2 reduction to Noetherian case added

For Question 2, The central extension $\tilde{S}_4$ is certainly a subgroup of $\mathrm{GL}_2(\mathbf{Z}[\sqrt{-2}]) \subset \mathrm{GL}_2(\mathbf{C})$. The image of the determinant is $\pm 1$. The image of $\tilde{S}_4$ in $$\mathrm{GL}_2(\mathbf{Z}[\sqrt{-2}]/2) = \mathrm{GL}_2(\mathbf{F}_2[x]/x^2)$$ is $S_4$, and all the elements have determinant one. It's easy to see that the central element $$\left( \begin{matrix} -1 & 0 \\ 0 & -1 \end{matrix} \right)$$ lies in the kernel, so it suffices to note that nothing else does. Yet it's obvious that the map surjects onto $\mathrm{GL}_2(\mathbf{F}_2) = S_3$, and (from the character table) the image is larger than $S_3$, so the image is $S_4$.

For Question 1, if $G$ injects into $\mathrm{SL}_2(R)$ for some $R$ then it injects into such a ring where $R$ is Artinian. Here is the proof.

EDIT: Step 0. (This was in my head, but I forgot to mention it, as Kevin reminds me in the comments). One may replace $R$ by the subring generated by the images of the entries of $g-1$ for all $g \in G$, and hence assume that $R$ is finitely generated over $\mathbf{Z}$ and hence Noetherian. (The Krull intersection thm requires a Noetherian hypothesis.)

Step 1. If $x$ is a non-zero element of $R$, then there exists a maximal ideal $\mathfrak{m}$ of $R$ such that $x$ is non-zero in $R/\mathfrak{m}^k$ for some $k$. Proof: Let $\mathfrak{m}$ be some maximal ideal containing the annihilator of $x$. Then $x$ is non-zero in the localization $R_{\mathfrak{m}}$, and thus $x$ is non-zero in $R/{\mathfrak{m}^k}$ by the Krull intersection theorem.

Step 2. If $x_1, \ldots, x_n$ are non-zero elements of $R$, there exists an ideal $I$ such that each $x_i$ is non-zero in $R/I$ and $R/I$ is Artinian. Proof: Apply Step 1 to each $x_i$, and let $I = \bigcap \mathfrak{m}^{k_i}_i$.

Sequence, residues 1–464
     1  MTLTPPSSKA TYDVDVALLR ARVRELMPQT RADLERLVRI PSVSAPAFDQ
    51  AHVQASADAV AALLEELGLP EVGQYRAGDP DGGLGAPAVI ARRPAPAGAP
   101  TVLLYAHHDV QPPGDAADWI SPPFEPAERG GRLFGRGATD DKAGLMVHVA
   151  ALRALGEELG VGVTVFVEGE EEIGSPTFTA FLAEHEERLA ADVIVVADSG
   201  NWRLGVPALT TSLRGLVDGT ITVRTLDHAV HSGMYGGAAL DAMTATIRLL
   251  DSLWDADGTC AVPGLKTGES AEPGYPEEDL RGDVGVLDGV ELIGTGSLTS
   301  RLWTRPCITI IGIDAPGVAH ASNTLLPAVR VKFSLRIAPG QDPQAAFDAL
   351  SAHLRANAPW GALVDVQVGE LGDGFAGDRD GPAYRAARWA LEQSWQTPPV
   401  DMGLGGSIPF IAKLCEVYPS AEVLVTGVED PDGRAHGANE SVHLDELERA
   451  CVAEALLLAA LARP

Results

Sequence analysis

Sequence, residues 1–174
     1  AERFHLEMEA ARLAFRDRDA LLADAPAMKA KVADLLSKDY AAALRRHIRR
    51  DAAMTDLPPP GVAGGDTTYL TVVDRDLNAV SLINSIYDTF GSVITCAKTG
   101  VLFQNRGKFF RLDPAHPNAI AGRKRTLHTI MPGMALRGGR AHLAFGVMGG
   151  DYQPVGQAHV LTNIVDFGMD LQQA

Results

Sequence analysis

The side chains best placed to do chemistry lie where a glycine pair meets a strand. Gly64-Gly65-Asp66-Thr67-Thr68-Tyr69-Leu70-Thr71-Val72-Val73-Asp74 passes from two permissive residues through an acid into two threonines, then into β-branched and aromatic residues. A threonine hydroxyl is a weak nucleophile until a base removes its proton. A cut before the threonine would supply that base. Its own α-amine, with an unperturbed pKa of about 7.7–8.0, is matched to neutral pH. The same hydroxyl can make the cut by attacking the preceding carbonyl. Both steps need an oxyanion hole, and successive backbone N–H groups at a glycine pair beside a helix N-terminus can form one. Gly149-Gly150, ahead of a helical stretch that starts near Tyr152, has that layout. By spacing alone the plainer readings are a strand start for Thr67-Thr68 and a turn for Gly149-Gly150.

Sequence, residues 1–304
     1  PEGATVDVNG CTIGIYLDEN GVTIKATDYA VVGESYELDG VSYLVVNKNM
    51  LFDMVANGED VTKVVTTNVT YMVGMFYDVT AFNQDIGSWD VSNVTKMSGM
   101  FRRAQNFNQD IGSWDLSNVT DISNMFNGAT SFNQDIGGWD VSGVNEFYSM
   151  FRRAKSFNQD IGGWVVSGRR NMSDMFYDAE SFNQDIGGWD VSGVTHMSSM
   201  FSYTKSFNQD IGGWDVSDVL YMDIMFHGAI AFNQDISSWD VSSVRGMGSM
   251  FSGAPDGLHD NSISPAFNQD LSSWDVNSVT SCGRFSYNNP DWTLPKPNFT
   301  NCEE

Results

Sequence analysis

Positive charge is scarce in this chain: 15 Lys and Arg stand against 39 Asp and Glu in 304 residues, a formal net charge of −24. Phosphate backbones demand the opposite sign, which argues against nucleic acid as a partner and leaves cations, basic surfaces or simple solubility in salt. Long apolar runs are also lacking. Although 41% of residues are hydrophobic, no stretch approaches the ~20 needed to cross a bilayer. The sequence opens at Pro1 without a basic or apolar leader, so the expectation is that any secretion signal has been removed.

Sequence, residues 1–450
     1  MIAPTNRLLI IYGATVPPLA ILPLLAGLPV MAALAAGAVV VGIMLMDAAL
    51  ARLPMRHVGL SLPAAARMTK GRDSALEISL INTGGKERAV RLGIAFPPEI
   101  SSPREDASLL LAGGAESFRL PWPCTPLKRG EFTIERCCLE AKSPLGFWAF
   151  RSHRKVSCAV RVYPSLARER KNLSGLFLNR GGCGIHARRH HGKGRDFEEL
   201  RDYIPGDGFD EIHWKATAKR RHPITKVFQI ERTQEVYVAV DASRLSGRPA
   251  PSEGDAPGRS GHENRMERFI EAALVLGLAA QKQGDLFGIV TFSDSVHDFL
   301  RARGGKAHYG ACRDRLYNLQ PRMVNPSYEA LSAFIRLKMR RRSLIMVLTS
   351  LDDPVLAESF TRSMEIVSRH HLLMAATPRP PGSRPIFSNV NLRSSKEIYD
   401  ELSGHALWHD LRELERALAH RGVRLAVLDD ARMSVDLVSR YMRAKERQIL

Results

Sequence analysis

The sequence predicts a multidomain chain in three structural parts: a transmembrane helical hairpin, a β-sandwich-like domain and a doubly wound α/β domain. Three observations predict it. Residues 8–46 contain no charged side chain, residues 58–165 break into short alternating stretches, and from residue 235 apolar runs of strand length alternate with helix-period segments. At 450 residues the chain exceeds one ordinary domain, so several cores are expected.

Step 3. Suppose that $G$ has $n$ non-trivial elements. Let $x_1, \ldots, x_n$ denote a non-zero entry in the matrix $g - 1$ for each element of $g$. Apply Step 2 to deduce that $g$ is not the identity in $R/I$ for some Artinian quotient for all non-zero $g \in G$.

Remark: If $G$ is simple, then $G$ is actually a subgroup of $\mathrm{SL}(k)$ for some field $k$. Proof: Artinian rings are semi-local, so $G$ is a subgroup of $\bigoplus_{i=1}^{n} \mathrm{SL}(A_i)$ for Artinian rings $A_i$. Since $G$ is simple, it must be a subgroup of $\mathrm{SL}(A)$ for one such $A$. This latter group is filtered by the groups $\mathrm{SL}(k)$ and copies of $M_0(k)$ (trace zero matrices). Since the latter is abelian and $G$ is simple, we are done.

It's easy to find examples of groups which are not subgroups of $\mathrm{SL}_n(k)$ for all fields $k$ and some fixed integer $n$.

For Question 2, The central extension $\tilde{S}_4$ is certainly a subgroup of $\mathrm{GL}_2(\mathbf{Z}[\sqrt{-2}]) \subset \mathrm{GL}_2(\mathbf{C})$. The image of the determinant is $\pm 1$. The image of $\tilde{S}_4$ in $$\mathrm{GL}_2(\mathbf{Z}[\sqrt{-2}]/2) = \mathrm{GL}_2(\mathbf{F}_2[x]/x^2)$$ is $S_4$, and all the elements have determinant one. It's easy to see that the central element $$\left( \begin{matrix} -1 & 0 \\ 0 & -1 \end{matrix} \right)$$ lies in the kernel, so it suffices to note that nothing else does. Yet it's obvious that the map surjects onto $\mathrm{GL}_2(\mathbf{F}_2) = S_3$, and (from the character table) the image is larger than $S_3$, so the image is $S_4$.

For Question 1, if $G$ injects into $\mathrm{SL}_2(R)$ for some $R$ then it injects into such a ring where $R$ is Artinian. Here is the proof.

Step 1. If $x$ is a non-zero element of $R$, then there exists a maximal ideal $\mathfrak{m}$ of $R$ such that $x$ is non-zero in $R/\mathfrak{m}^k$ for some $k$. Proof: Let $\mathfrak{m}$ be some maximal ideal containing the annihilator of $x$. Then $x$ is non-zero in the localization $R_{\mathfrak{m}}$, and thus $x$ is non-zero in $R/{\mathfrak{m}^k}$ by the Krull intersection theorem.

Step 2. If $x_1, \ldots, x_n$ are non-zero elements of $R$, there exists an ideal $I$ such that each $x_i$ is non-zero in $R/I$ and $R/I$ is Artinian. Proof: Apply Step 1 to each $x_i$, and let $I = \bigcap \mathfrak{m}^{k_i}_i$.

Step 3. Suppose that $G$ has $n$ non-trivial elements. Let $x_1, \ldots, x_n$ denote a non-zero entry in the matrix $g - 1$ for each element of $g$. Apply Step 2 to deduce that $g$ is not the identity in $R/I$ for some Artinian quotient for all non-zero $g \in G$.

Remark: If $G$ is simple, then $G$ is actually a subgroup of $\mathrm{SL}(k)$ for some field $k$. Proof: Artinian rings are semi-local, so $G$ is a subgroup of $\bigoplus_{i=1}^{n} \mathrm{SL}(A_i)$ for Artinian rings $A_i$. Since $G$ is simple, it must be a subgroup of $\mathrm{SL}(A)$ for one such $A$. This latter group is filtered by the groups $\mathrm{SL}(k)$ and copies of $M_0(k)$ (trace zero matrices). Since the latter is abelian and $G$ is simple, we are done.

It's easy to find examples of groups which are not subgroups of $\mathrm{SL}_n(k)$ for all fields $k$ and some fixed integer $n$.